For now my GPS watch says three hours forty, but I can’t be sure. I think I’m past 21 miles, just as it chirrups 20. All morning long, the miles chimed up slightly early, so have I miscounted ? Or was the satellite signal punch-drunk like me, way back at Canary Wharf ? I fumble my wits together. Where am I now – and do I care ? And I’m walking again – when did that happen ? The road is rising, and I’m finally on The Highway now, or at least I think so.
Twenty two miles and the JDRF support stand should be be just ahead. Ash and Andy mustn’t see me walking, so I knuckle down, and run again. It hurts like hell – a dull but non-specific pain I can’t describe, and it’s mostly in my head. The 22 mile marker appears (thank God for that – I’m not quite mad).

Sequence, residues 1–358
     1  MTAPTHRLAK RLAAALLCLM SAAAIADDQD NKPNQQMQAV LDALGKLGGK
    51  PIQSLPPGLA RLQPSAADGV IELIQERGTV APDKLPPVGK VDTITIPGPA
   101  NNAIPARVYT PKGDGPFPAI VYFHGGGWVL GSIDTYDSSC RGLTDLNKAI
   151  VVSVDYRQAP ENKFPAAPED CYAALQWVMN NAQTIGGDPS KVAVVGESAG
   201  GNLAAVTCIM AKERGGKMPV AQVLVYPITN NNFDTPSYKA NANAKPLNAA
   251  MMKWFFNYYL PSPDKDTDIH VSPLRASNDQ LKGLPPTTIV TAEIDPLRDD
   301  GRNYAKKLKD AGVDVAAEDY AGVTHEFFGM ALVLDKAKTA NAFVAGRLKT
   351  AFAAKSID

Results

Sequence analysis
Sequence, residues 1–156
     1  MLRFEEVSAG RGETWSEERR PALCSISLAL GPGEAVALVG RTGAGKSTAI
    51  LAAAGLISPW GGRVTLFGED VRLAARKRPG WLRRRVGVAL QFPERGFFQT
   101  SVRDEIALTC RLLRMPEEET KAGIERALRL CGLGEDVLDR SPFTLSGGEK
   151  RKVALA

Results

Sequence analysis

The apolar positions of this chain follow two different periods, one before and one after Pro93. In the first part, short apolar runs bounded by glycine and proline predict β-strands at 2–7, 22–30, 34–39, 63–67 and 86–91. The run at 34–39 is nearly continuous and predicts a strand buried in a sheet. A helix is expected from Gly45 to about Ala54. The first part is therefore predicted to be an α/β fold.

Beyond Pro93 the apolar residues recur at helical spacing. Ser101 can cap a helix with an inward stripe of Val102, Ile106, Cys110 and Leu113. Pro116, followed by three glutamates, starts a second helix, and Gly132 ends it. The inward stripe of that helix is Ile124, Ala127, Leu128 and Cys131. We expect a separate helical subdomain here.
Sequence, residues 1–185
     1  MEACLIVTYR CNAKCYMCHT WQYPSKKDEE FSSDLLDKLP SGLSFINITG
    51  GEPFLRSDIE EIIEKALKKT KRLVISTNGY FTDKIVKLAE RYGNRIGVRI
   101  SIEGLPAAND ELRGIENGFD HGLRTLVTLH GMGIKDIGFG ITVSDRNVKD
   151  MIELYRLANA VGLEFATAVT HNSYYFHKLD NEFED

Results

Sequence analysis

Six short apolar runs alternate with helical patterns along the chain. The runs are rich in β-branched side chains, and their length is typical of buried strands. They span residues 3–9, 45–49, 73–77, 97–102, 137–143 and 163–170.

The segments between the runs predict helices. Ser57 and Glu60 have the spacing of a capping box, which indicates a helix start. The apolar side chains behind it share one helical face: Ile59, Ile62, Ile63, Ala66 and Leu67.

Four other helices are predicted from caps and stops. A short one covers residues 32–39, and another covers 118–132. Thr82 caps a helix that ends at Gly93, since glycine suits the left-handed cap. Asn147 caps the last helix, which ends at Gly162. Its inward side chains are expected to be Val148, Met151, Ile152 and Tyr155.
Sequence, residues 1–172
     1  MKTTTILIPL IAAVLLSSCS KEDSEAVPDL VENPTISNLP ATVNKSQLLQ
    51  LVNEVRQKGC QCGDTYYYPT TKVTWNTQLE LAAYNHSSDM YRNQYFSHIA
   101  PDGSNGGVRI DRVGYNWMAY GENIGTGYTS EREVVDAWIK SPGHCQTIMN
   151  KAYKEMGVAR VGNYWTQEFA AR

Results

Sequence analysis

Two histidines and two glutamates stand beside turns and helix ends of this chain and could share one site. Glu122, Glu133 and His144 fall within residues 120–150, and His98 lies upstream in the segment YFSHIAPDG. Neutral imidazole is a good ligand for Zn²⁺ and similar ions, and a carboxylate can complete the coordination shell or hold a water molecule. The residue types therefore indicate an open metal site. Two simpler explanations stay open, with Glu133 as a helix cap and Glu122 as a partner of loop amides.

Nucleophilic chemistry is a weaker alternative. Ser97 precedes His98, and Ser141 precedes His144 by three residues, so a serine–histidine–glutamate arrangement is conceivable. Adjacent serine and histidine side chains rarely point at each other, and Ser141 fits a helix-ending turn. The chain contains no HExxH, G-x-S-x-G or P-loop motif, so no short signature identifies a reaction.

I limp towards some blue balloons in the distance – but those belong to the Anthony Nolan Trust instead. I grind on desperately, but the road drags by for half a mile and more, and I know I’ve missed them. I stop to walk, and so of course it’s exactly then they spot me, and roar my name. I stagger over, tongue lolling across an inane wide grin – because familiar faces are simply such a comfort now. We shake hands, and I trot along again, smiling like some naughty schoolboy.
I miss mile 23, but the Tower of London is on my left as the road slips down Tower Hill and into Thames Street. St Paul’s Cathedral stands close nearby, but I never see it. The pavements are raised to form a sheer chute of noise, with shouting, screaming, wildly baying mobs all around me. Thank God I’m running here.